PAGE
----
Connecting ELLs to Accessible Texts
Tobey Cho Bassoff
Now that I’m at the Middle School Level, I have more of an appreciation for the difficulty confronting our content language classrooms at the upper levels of public education today. Many teachers are faced with teaching science, writing, social studies, and literature with textbooks and texts that are much too difficult for our English Language Learners. As teachers, we want to prepare our students to be lifelong learners, yet the texts that we use are utterly incomprehensible. What’s the answer? Fortunately, there isn’t just one way of looking at it. The following article discusses one successful approach that’s gaining more appeal across the country.
What is an accessible text?
Cris Tovani’s book, Do I Really Have to Teach Reading, makes the case for accessible texts, or texts that are “interesting, well-written, and appropriately matched” to the level of students (Tovani 2004, p. 39). Texts that capture a student’s attention because they are high interest and often found outside of school appeal particularly to students with a limited vocabulary. Accessible texts are written to engage the reader and offer them a range of options based upon interest and background knowledge (Allington 2002).
Why use accessible texts?
Many of our English Language Learners struggle in classes and the achievement gap between English Language Proficient students (ELPs) and ELLs is staggering and tragic. In my own experience, I see some of my best and brightest former students failing at high school social studies and literature because the vocabulary used in textbooks or novels is too difficult and has little to no meaning for them. If we can find meaningful ways to engage students and give them an avenue for reaching the texts, then we may be able to build upon their skills so that they can be successful in some of the more challenging classes.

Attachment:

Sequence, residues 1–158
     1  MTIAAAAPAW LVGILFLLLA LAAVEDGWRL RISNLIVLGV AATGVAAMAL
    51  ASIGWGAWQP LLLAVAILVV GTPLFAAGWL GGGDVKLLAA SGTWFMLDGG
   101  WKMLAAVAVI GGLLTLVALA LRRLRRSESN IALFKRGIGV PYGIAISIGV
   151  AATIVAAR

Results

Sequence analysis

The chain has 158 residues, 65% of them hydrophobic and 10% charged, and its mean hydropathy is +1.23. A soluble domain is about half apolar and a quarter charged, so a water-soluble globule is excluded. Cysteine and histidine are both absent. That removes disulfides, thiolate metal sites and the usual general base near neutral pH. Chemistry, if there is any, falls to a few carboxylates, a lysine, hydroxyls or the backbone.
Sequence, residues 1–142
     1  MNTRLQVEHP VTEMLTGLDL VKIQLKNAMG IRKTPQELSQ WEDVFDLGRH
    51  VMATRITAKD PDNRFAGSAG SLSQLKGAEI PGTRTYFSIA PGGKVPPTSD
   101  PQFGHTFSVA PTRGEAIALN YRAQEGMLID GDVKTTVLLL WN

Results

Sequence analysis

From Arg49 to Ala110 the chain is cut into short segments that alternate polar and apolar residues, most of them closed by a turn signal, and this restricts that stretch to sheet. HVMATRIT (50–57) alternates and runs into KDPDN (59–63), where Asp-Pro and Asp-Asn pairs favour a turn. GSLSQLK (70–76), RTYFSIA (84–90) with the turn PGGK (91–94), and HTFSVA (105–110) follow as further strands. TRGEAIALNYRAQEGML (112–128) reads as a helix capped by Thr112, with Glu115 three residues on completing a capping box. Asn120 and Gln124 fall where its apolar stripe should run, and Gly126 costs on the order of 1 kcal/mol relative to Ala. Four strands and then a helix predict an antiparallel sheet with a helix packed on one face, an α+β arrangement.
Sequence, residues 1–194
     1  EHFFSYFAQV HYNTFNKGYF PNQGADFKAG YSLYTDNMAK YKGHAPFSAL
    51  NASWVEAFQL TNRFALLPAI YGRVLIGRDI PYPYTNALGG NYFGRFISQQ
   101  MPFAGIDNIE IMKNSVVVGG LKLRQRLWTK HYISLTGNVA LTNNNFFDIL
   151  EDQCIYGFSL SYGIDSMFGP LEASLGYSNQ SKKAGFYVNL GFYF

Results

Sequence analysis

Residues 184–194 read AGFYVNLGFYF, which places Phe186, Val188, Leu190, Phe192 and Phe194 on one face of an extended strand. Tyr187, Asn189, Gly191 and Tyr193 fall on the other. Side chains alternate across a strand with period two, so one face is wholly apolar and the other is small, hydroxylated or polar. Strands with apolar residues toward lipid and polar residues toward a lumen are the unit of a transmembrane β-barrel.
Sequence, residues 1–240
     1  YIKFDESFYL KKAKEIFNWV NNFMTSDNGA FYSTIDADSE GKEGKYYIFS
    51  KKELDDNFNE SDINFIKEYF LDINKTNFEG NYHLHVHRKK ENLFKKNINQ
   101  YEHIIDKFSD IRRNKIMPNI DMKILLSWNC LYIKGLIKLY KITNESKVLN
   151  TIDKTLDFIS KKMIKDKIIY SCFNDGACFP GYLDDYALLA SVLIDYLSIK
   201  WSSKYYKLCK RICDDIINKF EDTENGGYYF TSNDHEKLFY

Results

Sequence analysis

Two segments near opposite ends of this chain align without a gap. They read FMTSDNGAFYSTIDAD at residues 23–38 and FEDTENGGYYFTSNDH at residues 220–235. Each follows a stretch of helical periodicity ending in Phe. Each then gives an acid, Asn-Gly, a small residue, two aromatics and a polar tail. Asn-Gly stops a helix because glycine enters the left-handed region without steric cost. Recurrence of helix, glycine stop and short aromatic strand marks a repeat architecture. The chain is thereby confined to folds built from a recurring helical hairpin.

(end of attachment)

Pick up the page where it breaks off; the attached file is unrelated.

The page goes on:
What are some examples of accessible texts?
The following is a list adapted from Cris Tovani’s work (Tovani 2004, p. 45).
||photographs with commentary
||short non-fiction selections
I’ve used many of these examples effectively in my own classes. I find that the more I can connect with my students’ real life experiences, the better the result. For example, when we were studying the reasons for immigrating to the United States, I brought in quotes from immigrants who represented countries from where my students had cultural roots. As we explored themes of religious and political oppression, I watched the students’ interest level rise. The lesson continued with poems about the promise of freedom and journal entries about what it felt like to be a stranger in a new land. Not surprisingly, many of my students had personal accounts that they could share. In one class, I had two students bring in (and share!!!) journal entries from their own experiences.
This article offered a basic overview, but there is so much more to the concept and application. If you’re interested in finding out more about accessible texts, please explore Do I Really Have to Teach Reading and begin a discussion about the use of this strategy at your school. Good luck and please e-mail
me me your thoughts, successes, and challenges.